Dealing with altruism,
Darwin1 recognizes that the selfish individuals are favored by evolution.
At the same time, he has no doubts "that a tribe including many members
who, from possessing in high degree the spirit of patriotism and fidelity,
obedience, courage, and sympathy, were always ready to give aid to ea
ch other and sacrifice themselves for the common good, would be victorious
over most other tribes; and this would be natural selection".
This is puzzling and Darwin lets us down, laments Cronin2, suspecting
group selectionism which she ridicules ("greater-goodism") and,
joining Hamilton, concludes that Darwin dealt with human altruism, saw
the problem, discussed it, but left it unsolved.
I assume that the discussion between individual selectionists, such as
Dawkins 3, and the new-breed of group selectionists , D.S. Wilson4 or
Sober, is well known. Whereas individual selectionists conclude that the
number of altruists in a group must decrease, the group selections agree
that this is so of isolated groups, but argue that when there are two
or more groups with different ratios of altruists to egoists, the total
number of altruists in all groups increases.
I suggest that in some important respects the difference between the views
of individual and group selectionists is irrelevant, because a third more
powerful mechanism in humans ,meta-selection, is at play. What I mean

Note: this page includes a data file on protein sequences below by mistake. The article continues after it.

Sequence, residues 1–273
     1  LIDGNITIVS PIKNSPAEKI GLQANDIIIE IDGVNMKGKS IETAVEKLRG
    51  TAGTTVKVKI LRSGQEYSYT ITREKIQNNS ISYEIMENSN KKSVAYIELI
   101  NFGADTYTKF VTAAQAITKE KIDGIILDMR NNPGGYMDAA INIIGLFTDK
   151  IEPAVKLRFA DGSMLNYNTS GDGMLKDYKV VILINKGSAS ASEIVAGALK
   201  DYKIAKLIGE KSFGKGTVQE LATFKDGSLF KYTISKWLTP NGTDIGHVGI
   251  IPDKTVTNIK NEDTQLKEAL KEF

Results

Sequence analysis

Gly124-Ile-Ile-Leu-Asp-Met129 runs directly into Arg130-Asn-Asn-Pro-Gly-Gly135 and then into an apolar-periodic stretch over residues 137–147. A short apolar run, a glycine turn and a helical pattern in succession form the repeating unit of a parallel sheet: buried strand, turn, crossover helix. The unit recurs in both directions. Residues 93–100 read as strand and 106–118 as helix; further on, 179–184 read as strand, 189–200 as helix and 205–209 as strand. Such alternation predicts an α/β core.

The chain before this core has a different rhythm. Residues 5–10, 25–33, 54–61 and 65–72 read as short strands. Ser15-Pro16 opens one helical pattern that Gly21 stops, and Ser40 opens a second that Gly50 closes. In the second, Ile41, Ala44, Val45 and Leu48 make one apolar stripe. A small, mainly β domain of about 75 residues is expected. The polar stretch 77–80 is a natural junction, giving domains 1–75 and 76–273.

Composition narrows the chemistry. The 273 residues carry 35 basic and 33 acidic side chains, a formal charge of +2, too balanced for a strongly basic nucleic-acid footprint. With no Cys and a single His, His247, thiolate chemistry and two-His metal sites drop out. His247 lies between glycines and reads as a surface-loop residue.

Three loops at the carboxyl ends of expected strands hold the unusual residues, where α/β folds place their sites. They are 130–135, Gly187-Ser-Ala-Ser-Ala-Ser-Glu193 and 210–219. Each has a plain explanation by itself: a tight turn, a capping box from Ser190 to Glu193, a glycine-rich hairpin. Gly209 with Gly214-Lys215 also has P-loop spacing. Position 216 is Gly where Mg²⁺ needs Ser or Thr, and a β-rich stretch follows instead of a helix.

by meta-selection is a higher-level-selection, such as when a breeder
decides which quality ,e.g., altruism or egoism, to breed. If the breeder
chooses one or the other, it is irrelevant whether individual or
group selection theory is right. I admit that there is no higher power
in human society such as a breeder to do meta-selection. However, there
is an equivalent power at work, and that is the group as- a-whole. Through
group dynamics leadership emerges which becomes relatively independent
and prescribes and forces certain behaviors for the good of the group
the leadership conceives it) , which differ from those the members would
manifest were they governed by their own inclinations. The leadership
manages to demand altruistic behavior andgives actual or symbolic social
rewards, or promises of future rewards,
such as eternal life. But there is always a precarious balance between
the leadership and the rest of the group or population. For example, the
government demands that its citizens risk their lives in war, but if there
were losses in Gulf War as great as those suffered by the Napoleonic army,
the government would not survive.
I propose that the leadership has an important role throughout the evolution
of humans in social exchange, which is one of the most important aspects
of social dynamics. People have a concept and strong interest in balanced
exchange, i.e., exchanging equivalent values, and in detecting those who
cheat. Leda Cosmides5 assumes that this is a Darwinian algorithm. I believe
it is, even though Cosmides' supporting experiments may not be as convincing
as she thinks. Almost all people believe in fair or just exchange, but
tend to exaggerate the value of their